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Reviewing Jason Roskey

Jason Roskey

Jason Roskey- Bastion, 2004
oil on board, 24 x 48 inches
J R Compton photo

Story by J R Compton

Jason Roskey responded in the first day the original Submit Your Work for Review in DallasArtsRevue story appeared on the cover. He'd been reading DARts for a couple years and was excited about the possibility.

I saw something indefinable in his work that I liked and thought had potential — even in the small, not quite focused, not exactly right colors images he sent that day.

I knew I could not, in good conscience, dismiss his work outright, although I'd already sent a curt, "No thank you," to another artist who'd sent some very cartoony art that same day.

Sometimes it's not so much that I don't like the work. It's more that I wouldn't know where to begin. If art doesn't spark my imagination, I won't have anything to say about it, and I can't write anything. I just don't have the words.

I was put off my the dribbles of paint around Jason's paintings but intrigued by the incorporation of mountains (reality) into his oddly juxtaposed rectangles of abstraction, although I thought they were too dark (as in depressed).

I knew I had to see the work in person to make any sense of them, and I thought it might just be worth the while, so we set up an appointment. I met him and saw his work yesterday (as I write this), so the experience is fresh.


Jason Roskey   Jason Roskey 

Jason Roskey - Deconstructivist's Point of View, 2003 - 48 x 60 inches - Acrylic and charcoal on canvas and Mountain Passerby Retrospective No. 2, 2003 - 24 x 48 inches - acrylic and charcoal on canvas

Jason sent these images and the one below. I've attempted (with varying degrees of success) to correct the colors and now realize I should have photographed them when I had the chance. But even these (especially the one below) rather poor quality images were enough to spark my imagination.


Jason told me he had no formal training in art, and I saw that he'd been working flat on his dining room table — with few tools. You couldn't really call it a studio, more like a smallish workspace atop a handy table.

As you can see from Jason's most recent painting, shown on top of this page, however, he's making noticeable changes. The small bits of reality are still present. Note what he calls "architectural elements" at the bottom, and what could be a rocky bit of mountain on the bottom left. But they're more subtle.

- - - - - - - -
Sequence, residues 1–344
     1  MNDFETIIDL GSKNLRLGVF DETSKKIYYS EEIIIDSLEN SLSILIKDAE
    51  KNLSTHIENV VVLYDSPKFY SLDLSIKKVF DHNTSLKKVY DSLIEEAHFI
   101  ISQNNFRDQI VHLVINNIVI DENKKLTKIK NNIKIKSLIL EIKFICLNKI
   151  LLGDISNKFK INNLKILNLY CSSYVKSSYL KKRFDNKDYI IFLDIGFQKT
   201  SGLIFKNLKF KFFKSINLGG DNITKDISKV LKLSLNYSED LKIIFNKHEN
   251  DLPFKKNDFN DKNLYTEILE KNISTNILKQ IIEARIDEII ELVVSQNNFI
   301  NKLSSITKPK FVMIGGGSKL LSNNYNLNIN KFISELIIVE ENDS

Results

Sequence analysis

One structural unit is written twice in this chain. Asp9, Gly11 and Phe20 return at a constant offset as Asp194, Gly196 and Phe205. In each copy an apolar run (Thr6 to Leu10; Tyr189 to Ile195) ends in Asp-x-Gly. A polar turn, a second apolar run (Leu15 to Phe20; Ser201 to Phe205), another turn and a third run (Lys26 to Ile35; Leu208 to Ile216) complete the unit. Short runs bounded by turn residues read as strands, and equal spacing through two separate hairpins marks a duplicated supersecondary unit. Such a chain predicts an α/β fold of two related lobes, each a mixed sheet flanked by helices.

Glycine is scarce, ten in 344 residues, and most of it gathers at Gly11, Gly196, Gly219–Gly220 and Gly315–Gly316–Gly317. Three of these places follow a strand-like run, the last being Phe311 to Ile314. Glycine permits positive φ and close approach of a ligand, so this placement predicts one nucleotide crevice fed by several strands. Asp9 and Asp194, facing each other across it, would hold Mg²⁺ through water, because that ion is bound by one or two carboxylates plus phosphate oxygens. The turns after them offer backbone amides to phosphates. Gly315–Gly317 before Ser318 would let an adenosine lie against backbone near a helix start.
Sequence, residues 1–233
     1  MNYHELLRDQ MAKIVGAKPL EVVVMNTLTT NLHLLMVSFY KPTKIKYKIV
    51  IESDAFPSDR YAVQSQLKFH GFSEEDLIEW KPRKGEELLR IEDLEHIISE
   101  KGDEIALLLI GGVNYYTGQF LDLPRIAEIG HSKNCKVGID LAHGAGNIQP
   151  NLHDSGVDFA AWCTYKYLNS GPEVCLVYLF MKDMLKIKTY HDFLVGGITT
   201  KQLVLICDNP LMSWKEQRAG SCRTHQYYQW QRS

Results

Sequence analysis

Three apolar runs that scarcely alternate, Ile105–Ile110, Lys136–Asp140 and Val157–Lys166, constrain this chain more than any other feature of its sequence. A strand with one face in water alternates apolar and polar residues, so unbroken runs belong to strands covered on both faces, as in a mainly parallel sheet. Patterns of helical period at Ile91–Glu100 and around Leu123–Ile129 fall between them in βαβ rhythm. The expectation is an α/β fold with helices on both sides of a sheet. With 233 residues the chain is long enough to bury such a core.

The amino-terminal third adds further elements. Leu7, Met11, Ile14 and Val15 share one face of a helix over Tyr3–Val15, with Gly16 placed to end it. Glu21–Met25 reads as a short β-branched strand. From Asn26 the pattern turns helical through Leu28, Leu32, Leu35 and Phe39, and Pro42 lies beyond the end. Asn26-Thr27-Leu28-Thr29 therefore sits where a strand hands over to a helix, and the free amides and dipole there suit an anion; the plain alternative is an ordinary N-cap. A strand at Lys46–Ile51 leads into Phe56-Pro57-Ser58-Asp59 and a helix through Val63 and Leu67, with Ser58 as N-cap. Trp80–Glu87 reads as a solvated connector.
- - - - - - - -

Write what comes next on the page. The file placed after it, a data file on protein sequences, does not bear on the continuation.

The textures are more varied and painterly. The colors and textures are more intense and show more depth. The paint, not so much the image, has taken over.

Looking at my photo (and wishing I'd shot more), I am remembering more of what I told Jason. I liked the "totally out of place" bits of bright white that arc across the light and dark sides, nearly uniting them.

I also liked the spots of light blue that partially mirror the white specks, although I couldn't tell why I liked them or why they were there, except they seemed to belong there on what reminds me of a cracked and smeared exterior wall of an old building.

I couldn't determine what the vignette on the right was, but I luxuriated in the painterly piles of paint and the light on dark depth it lends. I even liked that rectangle's hard edge, so different from the suffuse transitions on the earlier pieces above.

When I asked why those seemed so dark and moody compared with this new work, Jason said those were winter paintings, and this is summer, which explains a lot, I suppose.

Now I wish I'd recorded my visit. It's difficult to remember what all we spoke about, since our conversation was essentially nonlinear. I know much of what I said barely comprised sentences, let alone coherent ideas or paragraphs. Mostly I just said whatever entered my mind while I watched his work.

I was struggling more to have it make sense visually than to make a good story.


Jason Roskey

Jason Roskey - Wasteland, 2003
36 x 24 inches
Acrylic and charcoal on canvas


It was much more a conversation sparked by some paintings than an interview, though it seemed to serve both our purposes.

I'm so glad I saw enough in the images he sent to see him and his work up close and in person. Jason showed two pieces at last summers 500X Open Show. I'm sure I'll be seeing more.



PostScript 2008: Now Jason is about to have his first solo show in Manhattan, with work very different from these first, struggling paintings, he wants DallasArtsRevue to remove this page. I don't think so. But I'd like to hear from other DallasArtsRevue readers. I think this is history, and I have no control over what comes up first in Internet searches. What do you think?

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